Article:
Given that Helena in this story was knocked unconscious twice, was left in a vulnerable position, and even fondled with a phallic-looking object while bound with her chest exposed (plus she didn't know what else was done to her while she was passed out), she wouldn't just get up and ignore the fact that it happened. Nor would she quickly brush it off to go on detective mode as she normally would as the Huntress. No. She would instead react to the fact that she was violated. Even if she doesn't do it right away, she would still, at some point, acknowledge that the assault happened and would react to it. At best, she's visibly upset and uncomfortable at the time that the Crime Lord is assaulting her (when she's conscious), and she even acknowledges that the guy is a sick, sadistic bastard, but the aftermath of the assault itself is never actually dealt with.

TW: Sexual Assault
This is definitely one of those stories that could've benefitted from having a female editor as part of the creative process because the depiction of Helena's capture was not every well thought out by the male creators, and even the imagery in the three pages that it happens in can be pretty triggering to someone who has survived sexual assault in real life. Considering that neither Levitz nor Staton were attempting to make a point about sexual violence with this story, they could've easily left out the sexualised nature of Helena's capture, and nothing about the overall story would've changed. She could've been easily captured by her villain in the same way her father was always captured by his villains, and it would've still been a standard story about a superhero vs a supervillain, just without the sexual violence.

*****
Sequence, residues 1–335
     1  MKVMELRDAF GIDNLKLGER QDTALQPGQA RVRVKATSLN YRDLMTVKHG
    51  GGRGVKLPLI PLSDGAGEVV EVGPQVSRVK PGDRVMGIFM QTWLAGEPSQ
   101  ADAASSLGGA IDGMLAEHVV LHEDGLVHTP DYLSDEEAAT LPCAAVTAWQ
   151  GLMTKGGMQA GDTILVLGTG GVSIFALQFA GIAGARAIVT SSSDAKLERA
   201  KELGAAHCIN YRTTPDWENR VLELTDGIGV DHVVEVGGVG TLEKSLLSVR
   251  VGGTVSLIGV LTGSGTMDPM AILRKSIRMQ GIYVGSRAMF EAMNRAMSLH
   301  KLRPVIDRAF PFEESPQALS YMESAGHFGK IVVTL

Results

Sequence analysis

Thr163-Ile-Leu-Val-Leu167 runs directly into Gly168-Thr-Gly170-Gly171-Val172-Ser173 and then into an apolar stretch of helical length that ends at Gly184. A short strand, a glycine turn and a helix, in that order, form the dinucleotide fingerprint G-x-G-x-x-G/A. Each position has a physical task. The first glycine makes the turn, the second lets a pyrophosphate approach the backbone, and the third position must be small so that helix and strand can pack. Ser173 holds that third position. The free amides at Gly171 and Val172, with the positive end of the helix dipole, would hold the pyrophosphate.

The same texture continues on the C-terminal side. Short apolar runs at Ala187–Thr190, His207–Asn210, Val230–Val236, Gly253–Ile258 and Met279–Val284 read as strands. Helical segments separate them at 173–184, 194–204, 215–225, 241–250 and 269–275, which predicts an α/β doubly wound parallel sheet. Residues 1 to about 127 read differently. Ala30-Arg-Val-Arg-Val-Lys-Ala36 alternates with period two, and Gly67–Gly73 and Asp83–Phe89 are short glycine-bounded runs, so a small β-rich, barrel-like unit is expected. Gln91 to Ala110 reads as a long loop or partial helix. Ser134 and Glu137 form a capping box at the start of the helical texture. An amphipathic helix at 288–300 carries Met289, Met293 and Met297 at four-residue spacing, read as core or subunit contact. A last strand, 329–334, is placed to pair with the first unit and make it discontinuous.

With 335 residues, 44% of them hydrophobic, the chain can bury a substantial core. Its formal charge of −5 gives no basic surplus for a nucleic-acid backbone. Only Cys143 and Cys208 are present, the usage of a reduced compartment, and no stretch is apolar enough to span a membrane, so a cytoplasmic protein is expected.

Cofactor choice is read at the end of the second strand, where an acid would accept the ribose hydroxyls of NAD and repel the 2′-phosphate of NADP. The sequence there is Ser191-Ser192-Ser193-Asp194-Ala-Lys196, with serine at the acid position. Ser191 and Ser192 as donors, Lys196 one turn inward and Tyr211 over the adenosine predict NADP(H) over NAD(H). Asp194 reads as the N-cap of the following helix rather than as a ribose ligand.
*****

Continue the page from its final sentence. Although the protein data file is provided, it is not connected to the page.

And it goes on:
Helena Wayne may have gotten an 'A' in her abnormal psychology class for this story, but I graduated with an actual psychology degree, complete with research experience. I do know for a fact that the creative choices made by both male creators came from a place of unchecked privilege, and a failure to examine the misogynistic context of having a male villain sexually assault a female superhero as part of his revenge story arc. They especially failed to take into account how casual depiction of sexual violence would be internalised by a young impressionable reader (including one who could become a future DC Comics writer, artist, or editor), and they especially didn't consider if any survivors of sexual violence (including children unfortunately) could pick up this story at their local drug store in 1982.

Beyond that very glaring problem with the casual depiction of sexual violence in this chapter, the rest of the story is pretty solid in terms of purpose. It is actually a defining chapter for the character of the Huntress as the events from this story does later affect how she approaches crime-fighting. Unfortunately, all of that will be discussed in the future instalments since this one chapter was three pages of Helena being sexually assaulted before actually taking the fight to the Crime Lord, the bulk of which happens in the next chapter.